22 research outputs found

    Rewriting History: A Study of How the History of the Civil War Has Changed in Textbooks from 1876 to 2014

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    History textbooks provide an interesting perspective into the views and attitudes of their respective time period. The way textbooks portray certain events and groups of people has a profound impact on the way children learn to view those groups and events. That impact then has the potential to trickle down to future generations, fabricating a historical narrative that sometimes avoids telling the whole truth, or uses selective wording to sway opinions on certain topics. This paper analyzes the changes seen in how the Civil War is written about in twelve textbooks dated from 1876 to 2014. Notable topics of discussion include the discussion of slaves and slavery, as well as the recognition, or lack of, the impact of minority groups. Many changes were traced, some for the worse, and quite a few for the better. Despite the efforts to make history textbooks more inclusive and unbiased, there is still much room for improvement, especially in regard to facing race relations and the causes behind the bloodiest war ever fought on American soil

    Type 1 diabetes: translating mechanistic observations into effective clinical outcomes

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    Type 1 diabetes remains an important health problem, particularly in Western countries where the incidence has been increasing in younger children(1). In 1986, Eisenbarth described Type 1 diabetes as a chronic autoimmune disease. Work over the past 3 œ decades has identified many of the genetic, immunologic, and environmental factors that are involved in the disease and have led to hypotheses concerning its pathogenesis. Based on these findings, clinical trials have been conducted to test these hypotheses but have had mixed results. In this review, we discuss the findings that have led to current concepts of the disease mechanisms, how this understanding has prompted clinical studies, and the results of these studies. The findings from preclinical and clinical studies support the original proposed model for how type 1 diabetes develops, but have also suggested that this disease is more complex than originally thought and will require broader treatment approaches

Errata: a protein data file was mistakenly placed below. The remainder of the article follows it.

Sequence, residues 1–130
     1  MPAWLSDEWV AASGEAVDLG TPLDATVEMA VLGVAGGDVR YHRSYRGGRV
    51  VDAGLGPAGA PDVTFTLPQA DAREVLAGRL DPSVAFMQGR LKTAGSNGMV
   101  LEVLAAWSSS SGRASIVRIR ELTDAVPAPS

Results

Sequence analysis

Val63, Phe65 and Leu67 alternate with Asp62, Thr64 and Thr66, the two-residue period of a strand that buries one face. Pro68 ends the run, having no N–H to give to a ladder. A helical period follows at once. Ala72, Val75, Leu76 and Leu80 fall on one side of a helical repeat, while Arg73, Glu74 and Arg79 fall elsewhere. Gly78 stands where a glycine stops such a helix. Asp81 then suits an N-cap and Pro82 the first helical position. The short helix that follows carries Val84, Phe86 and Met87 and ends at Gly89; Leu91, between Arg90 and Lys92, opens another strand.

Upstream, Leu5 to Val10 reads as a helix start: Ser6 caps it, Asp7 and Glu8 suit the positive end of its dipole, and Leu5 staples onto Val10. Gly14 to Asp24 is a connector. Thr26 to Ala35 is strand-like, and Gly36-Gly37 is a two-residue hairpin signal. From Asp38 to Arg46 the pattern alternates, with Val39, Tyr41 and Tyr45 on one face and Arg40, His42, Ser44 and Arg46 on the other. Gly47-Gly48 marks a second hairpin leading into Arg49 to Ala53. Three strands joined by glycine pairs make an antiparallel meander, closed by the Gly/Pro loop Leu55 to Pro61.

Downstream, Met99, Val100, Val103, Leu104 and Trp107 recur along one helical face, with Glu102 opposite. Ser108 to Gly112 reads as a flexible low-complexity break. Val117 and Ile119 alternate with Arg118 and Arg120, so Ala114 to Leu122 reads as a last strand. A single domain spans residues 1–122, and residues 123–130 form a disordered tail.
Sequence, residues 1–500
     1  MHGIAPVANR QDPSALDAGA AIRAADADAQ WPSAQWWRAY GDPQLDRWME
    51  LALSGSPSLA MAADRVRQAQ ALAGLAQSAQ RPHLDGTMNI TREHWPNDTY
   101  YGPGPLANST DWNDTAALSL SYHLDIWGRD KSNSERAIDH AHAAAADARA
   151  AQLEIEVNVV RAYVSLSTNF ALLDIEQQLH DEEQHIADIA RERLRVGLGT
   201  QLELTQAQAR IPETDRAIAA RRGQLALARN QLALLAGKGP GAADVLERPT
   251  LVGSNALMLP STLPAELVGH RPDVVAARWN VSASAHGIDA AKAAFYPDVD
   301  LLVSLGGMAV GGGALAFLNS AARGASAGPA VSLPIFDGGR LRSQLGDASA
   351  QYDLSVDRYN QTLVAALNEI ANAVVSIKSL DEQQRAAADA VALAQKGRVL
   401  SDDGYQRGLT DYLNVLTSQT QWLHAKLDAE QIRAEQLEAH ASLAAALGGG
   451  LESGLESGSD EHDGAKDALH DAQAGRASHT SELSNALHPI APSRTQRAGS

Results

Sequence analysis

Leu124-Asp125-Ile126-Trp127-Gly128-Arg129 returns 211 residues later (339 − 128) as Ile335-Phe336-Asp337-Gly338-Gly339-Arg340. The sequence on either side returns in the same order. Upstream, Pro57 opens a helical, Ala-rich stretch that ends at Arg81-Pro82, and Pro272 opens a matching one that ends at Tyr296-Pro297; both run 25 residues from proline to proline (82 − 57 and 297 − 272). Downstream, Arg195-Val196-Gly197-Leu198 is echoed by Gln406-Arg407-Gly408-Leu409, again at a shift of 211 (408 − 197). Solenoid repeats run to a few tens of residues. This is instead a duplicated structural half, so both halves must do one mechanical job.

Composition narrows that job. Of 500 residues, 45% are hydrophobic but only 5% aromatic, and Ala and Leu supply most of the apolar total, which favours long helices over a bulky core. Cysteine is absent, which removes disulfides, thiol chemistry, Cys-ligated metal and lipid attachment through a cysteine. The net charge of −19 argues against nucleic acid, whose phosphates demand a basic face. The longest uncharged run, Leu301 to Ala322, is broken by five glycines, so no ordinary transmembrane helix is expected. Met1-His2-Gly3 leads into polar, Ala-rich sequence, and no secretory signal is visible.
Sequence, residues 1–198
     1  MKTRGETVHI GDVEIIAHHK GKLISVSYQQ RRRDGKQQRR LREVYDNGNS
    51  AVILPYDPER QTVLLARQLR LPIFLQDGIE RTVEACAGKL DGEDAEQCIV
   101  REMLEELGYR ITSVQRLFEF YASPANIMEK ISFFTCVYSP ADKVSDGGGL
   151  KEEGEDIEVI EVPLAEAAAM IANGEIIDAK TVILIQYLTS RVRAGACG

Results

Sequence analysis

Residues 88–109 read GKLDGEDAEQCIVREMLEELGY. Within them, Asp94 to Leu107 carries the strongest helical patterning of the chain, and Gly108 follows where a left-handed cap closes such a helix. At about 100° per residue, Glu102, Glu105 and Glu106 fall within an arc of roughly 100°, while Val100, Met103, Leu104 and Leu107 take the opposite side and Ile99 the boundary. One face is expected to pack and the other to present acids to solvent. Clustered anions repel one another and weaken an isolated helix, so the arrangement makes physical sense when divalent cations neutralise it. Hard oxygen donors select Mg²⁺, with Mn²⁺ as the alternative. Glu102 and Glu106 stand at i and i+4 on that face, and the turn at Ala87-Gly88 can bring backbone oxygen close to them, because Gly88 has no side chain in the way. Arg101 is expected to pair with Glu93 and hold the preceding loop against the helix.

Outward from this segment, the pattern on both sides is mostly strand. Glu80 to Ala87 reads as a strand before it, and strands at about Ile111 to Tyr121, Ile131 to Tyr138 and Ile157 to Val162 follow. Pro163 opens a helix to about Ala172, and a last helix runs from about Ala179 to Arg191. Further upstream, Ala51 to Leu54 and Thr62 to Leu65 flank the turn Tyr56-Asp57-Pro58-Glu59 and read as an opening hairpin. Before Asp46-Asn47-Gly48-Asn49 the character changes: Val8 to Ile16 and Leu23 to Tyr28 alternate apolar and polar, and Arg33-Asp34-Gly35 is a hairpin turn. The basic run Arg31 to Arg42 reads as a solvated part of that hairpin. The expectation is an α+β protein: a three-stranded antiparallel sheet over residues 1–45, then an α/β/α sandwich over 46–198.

Monitoring Programs of the U.S. Gulf of Mexico: Inventory, Development and Use of a Large Monitoring Database to Map Fish and Invertebrate Spatial Distributions

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    Since the onset of fisheries science, monitoring programs have been implemented to support stock assessments and fisheries management. Here, we take inventory of the monitoring programs of the U.S. Gulf of Mexico (GOM) surveying fish and invertebrates and conduct a gap analysis of these programs. We also compile a large monitoring database encompassing much of the monitoring data collected in the U.S. GOM using random sampling schemes and employ this database to fit statistical models to then map the spatial distributions of 61 fish and invertebrate functional groups, species and life stages of the U.S. GOM. Finally, we provide recommendations for improving current monitoring programs and designing new programs, and guidance for more comprehensive use and sharing of monitoring data, with the ultimate goal of enhancing the inputs provided to stock assessments and ecosystem-based fisheries management (EBFM) projects in the U.S. GOM. Our inventory revealed that 73 fisheries-independent and fisheries-dependent programs have been conducted in the U.S. GOM, most of which (85%) are still active. One distinctive feature of monitoring programs of the U.S. GOM is that they include many fisheries-independent surveys conducted almost year-round, contrasting with most other marine regions. A major sampling recommendation is the development of a coordinated strategy for collecting diet information by existing U.S. GOM monitoring programs for advancing EBFM